(1815-1872) Graduated 3rd in the West Point class of 1839. An assistant professor while still an undergraduate at the Military Academy, he first worked upon the fortifications of New York Harbor, and in 1844 inspected those of France. Upon his return to the U.S., he wrote a Report on the Means of National Defence, which was published by Congress and won him an invitation from the Lowell Institute of Boston to deliver a series of lectures. These were published as Elements of Military Art and Science, a work which enjoyed wide circulation among soldiers for many years. He received a brevet as captain in the Mexican War. At the beginning of the Civil War, General Winfield Scott recommended to Abraham Lincoln that Halleck be appointed major general in the regular service. In November 1861, Halleck relieved General Fremont at St. Louis and in a demonstration of his talents as an administrator quickly brought order out of the chaos in which his predecessor had plunged the Department of the Missouri. A series of successes by his subordinates at Forts Henry & Donelson, Pea Ridge, Island No. 10 and Shiloh, caused Halleck to shine in reflective glory, and his domain enlarged to include Ohio and Kansas. President Lincoln later recalled him to Washington to serve as general in chief of the U.S. Armies.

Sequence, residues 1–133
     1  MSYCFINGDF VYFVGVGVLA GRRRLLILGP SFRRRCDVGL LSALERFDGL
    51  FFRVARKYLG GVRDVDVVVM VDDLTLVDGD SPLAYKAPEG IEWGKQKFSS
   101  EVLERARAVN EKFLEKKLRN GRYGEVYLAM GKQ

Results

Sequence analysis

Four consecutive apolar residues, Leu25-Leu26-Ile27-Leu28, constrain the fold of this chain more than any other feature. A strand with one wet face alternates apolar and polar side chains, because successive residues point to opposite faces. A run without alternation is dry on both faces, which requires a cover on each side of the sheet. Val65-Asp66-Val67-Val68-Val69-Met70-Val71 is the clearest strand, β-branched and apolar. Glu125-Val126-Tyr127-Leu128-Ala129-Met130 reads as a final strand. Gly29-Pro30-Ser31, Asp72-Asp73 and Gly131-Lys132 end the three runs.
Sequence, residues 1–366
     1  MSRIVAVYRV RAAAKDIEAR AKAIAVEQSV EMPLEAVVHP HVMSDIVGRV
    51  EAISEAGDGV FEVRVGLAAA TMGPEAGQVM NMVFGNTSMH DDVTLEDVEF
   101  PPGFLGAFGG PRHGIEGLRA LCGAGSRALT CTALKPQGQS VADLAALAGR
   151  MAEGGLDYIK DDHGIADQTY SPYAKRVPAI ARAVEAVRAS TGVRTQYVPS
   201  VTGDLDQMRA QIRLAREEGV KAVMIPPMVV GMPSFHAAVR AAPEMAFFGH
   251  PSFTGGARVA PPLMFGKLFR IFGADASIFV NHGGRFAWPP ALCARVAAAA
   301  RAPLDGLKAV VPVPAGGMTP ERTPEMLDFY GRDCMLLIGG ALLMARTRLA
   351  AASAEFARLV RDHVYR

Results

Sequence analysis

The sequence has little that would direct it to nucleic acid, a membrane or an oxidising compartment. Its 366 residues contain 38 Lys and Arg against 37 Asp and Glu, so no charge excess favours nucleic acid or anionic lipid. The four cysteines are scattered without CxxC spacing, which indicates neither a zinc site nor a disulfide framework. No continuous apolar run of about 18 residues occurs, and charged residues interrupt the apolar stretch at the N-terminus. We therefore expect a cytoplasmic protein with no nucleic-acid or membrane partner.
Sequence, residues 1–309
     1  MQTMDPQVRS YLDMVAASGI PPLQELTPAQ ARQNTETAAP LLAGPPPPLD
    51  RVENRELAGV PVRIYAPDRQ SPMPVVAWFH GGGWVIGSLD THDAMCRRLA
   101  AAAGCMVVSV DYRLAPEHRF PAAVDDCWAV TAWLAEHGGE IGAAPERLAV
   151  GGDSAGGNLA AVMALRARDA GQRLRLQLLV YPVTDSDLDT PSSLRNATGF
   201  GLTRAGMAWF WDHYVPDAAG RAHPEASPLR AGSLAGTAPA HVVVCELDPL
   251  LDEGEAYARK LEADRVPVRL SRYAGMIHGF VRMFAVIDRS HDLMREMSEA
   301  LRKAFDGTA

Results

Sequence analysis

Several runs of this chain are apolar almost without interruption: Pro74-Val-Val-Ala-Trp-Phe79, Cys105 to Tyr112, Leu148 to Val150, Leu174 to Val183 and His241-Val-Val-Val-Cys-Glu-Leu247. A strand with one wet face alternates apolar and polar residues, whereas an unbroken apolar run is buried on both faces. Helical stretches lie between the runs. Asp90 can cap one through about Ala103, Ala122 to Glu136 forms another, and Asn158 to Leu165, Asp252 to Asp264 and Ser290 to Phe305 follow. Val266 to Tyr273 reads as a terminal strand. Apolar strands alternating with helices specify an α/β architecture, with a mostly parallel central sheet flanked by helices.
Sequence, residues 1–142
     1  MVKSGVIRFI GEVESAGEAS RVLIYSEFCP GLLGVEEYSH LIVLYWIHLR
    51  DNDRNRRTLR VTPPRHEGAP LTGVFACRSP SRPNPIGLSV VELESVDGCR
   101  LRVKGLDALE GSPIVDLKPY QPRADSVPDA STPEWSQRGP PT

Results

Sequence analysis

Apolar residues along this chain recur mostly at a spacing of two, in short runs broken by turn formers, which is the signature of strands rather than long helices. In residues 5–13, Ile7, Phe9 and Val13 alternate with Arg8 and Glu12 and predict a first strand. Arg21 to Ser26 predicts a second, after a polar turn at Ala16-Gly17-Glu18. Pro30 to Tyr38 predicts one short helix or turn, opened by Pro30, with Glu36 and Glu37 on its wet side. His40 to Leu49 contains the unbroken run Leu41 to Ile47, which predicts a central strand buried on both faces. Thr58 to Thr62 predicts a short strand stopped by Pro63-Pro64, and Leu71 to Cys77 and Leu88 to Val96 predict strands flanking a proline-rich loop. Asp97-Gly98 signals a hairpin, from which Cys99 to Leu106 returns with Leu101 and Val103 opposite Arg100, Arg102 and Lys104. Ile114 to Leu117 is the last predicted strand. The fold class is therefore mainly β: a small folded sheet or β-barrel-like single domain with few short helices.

Wet plate, albumen carte de visite photograph, mounted to 2 3/8 x 4 card. Standing view in uniform with rank of major general, holding his kepi. Backmark: E. & H.T. Anthony, New York, with 2 cents orange revenue tax stamp. Light age toning and wear. Very fine.